PCM – which is short for Pulse Code Modulation – is often mistakenly referred to as an audio format but it is in fact something completely different. It is a method used to digitally represent analogue signals as well as convert analogue signals into digital and back. Most digital audio devices (except DSD equipment) use PCM encoding and transcoding since it is simple to use with digital signal processors. PCM-signals are made by regularly measuring the amplitude of a signal. Every measurement is called a sample and every sample represents an amplitude value (quantization level) in binary numbers. The more bits there are, the higher the dynamical range and the better the resolution.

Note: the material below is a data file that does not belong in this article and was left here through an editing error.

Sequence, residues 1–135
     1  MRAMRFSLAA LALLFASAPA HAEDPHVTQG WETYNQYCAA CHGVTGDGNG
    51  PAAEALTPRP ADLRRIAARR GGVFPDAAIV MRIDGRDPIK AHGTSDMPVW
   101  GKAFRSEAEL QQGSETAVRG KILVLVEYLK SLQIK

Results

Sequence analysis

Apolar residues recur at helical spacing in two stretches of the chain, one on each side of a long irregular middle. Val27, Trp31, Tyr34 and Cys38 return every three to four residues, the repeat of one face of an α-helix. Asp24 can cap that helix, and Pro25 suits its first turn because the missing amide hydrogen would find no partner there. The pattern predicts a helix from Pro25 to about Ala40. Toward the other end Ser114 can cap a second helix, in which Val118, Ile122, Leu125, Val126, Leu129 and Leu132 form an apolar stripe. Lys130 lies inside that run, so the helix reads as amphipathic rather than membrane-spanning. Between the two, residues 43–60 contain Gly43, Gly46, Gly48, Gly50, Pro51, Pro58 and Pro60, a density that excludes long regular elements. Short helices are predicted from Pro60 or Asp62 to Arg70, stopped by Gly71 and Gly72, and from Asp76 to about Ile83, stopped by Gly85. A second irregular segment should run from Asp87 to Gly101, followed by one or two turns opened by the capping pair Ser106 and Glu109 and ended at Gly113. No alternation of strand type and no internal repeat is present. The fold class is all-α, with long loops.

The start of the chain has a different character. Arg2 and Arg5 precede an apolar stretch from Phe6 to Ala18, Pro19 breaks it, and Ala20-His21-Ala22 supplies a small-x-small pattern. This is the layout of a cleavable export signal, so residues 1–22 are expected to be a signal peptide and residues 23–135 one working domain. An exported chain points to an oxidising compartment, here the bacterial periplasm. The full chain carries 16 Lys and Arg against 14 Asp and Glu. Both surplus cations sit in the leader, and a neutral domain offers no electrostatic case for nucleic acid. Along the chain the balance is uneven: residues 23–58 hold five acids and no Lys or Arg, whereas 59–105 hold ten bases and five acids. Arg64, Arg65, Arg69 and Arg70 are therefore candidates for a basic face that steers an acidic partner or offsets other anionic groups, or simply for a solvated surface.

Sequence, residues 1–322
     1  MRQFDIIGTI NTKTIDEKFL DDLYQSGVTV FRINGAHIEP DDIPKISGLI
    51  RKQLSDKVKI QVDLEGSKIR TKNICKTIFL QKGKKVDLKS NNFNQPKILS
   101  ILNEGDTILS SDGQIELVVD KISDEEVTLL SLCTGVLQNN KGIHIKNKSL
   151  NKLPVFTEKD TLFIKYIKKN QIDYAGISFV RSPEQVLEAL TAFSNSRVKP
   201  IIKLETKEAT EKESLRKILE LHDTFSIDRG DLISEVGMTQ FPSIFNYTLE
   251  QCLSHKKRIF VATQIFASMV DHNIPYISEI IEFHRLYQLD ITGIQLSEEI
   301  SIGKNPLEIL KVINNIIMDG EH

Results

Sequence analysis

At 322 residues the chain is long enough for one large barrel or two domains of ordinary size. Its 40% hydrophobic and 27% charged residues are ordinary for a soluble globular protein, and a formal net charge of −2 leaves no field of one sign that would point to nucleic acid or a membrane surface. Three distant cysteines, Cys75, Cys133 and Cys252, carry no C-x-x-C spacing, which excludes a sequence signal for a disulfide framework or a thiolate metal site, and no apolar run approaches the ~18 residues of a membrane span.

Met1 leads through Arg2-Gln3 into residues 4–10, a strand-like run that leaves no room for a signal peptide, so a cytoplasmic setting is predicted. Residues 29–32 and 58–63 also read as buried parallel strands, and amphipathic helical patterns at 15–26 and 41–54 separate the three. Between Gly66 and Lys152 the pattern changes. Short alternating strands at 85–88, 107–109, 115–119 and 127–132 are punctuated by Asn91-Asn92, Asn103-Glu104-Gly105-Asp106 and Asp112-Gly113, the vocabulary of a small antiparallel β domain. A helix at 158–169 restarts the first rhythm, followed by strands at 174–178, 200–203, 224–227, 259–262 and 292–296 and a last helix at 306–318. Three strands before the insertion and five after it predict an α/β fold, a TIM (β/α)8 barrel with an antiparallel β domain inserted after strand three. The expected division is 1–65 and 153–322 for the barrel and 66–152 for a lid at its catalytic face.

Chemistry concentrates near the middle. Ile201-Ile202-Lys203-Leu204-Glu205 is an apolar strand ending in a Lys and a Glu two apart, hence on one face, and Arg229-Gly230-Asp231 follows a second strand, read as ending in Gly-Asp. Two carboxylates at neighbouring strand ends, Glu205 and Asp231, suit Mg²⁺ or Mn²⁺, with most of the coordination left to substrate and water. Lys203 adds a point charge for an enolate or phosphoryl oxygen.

For example, an audio file with a sample rate of 44.1 kHz and a bitrate of 16 bit has 44100 amplitude measurements with a 16 bit binary resolution. For audio purposes a specific type of PCM is used, namely LPCM which stands for Linear Pulse Code Modulation. LPCM is used because of the linearity of quantization levels when working with audio. Usually when PCM is mentioned for audio purposes, it’s assumed to be LPCM.